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6 steps to protect your small business – and employees – from the COVID-19 coronavirus

On Behalf of | Mar 11, 2020 | Small Business

The COVID-19 coronavirus outbreak continues to dominate the news cycle in the United States. Fear of a widespread outbreak has many people – including small business owners and employers – wondering how to best protect themselves and others.

The Centers for Disease Control and Prevention (CDC) have issued guidance for employers and businesses to prevent workplace exposure to COVID-19. This guidance can also help prevent the spread of other respiratory illnesses like the seasonal flu, which kills 12,000 to 61,000 people in the U.S. every year. Read on for six important takeaways that can help you safeguard your business.

  1. Have sick employees stay home. Sick employees should stay home until they are free of any symptoms for 24 hours. Symptoms to watch for include a fever above 100.4° F (37.8° C) signs of a fever, or respiratory symptoms like a cough or shortness of breath. If employees can work remotely, it may be wise to encourage them to do so.
  2. Separate sick employees. The CDC recommends keeping employees with respiratory symptoms (like a cough or trouble breathing) separate from other workers and sending them home as soon as possible. According to an article from Corporate Counsel, employers can generally require sick employees to stay home even if they have no sick time.
  3. Provide a refresher on safe habits. Talk to your employees about the importance of staying home when they feel sick, washing their hands frequently (scrubbing with soap for at least 20 seconds), and safe cough and sneeze etiquette.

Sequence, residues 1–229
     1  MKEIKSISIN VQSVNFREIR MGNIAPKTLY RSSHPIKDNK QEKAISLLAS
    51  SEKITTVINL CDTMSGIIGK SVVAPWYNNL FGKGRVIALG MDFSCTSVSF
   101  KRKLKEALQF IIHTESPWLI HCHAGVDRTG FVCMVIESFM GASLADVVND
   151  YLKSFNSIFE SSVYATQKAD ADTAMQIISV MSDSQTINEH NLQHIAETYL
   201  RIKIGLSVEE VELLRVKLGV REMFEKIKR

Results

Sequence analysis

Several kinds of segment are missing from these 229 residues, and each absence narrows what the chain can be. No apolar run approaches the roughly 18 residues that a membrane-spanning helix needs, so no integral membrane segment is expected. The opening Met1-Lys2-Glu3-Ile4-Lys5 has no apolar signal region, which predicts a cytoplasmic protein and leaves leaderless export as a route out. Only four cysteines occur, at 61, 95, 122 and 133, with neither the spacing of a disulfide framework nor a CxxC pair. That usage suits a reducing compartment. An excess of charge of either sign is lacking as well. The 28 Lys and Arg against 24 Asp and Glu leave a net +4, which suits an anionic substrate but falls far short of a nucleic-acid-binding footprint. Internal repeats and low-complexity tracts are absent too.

4. Be mindful of traveling employees. Many employers have chosen to suspend all non-essential travel during this time. If employees must travel, see the CDC’s website for information about specific destinations. Employees should notify a supervisor, seek medical attention and potentially stay home if they have symptoms of acute respiratory illness before, during or after travel.
  5. Keep the working environment clean. While the CDC doesn’t recommend extensive disinfection measures, all surfaces that are regularly touched in the workplace – such as doorknobs, desks and workstations – should be cleaned regularly using the directions on their regular cleaning agents.
  6. Create a plan. Employers should create a plan in the event of a more widespread outbreak of COVID-19. Consider what job functions are essential and how to minimize disruption to those functions while minimizing transmission among employees.

Ensuring the safety of a staff is a big responsibility. Employers who need guidance to develop an appropriate plan, or who have questions about the implications of employment laws governing leave policies and sick time, should consult with experienced business counsel.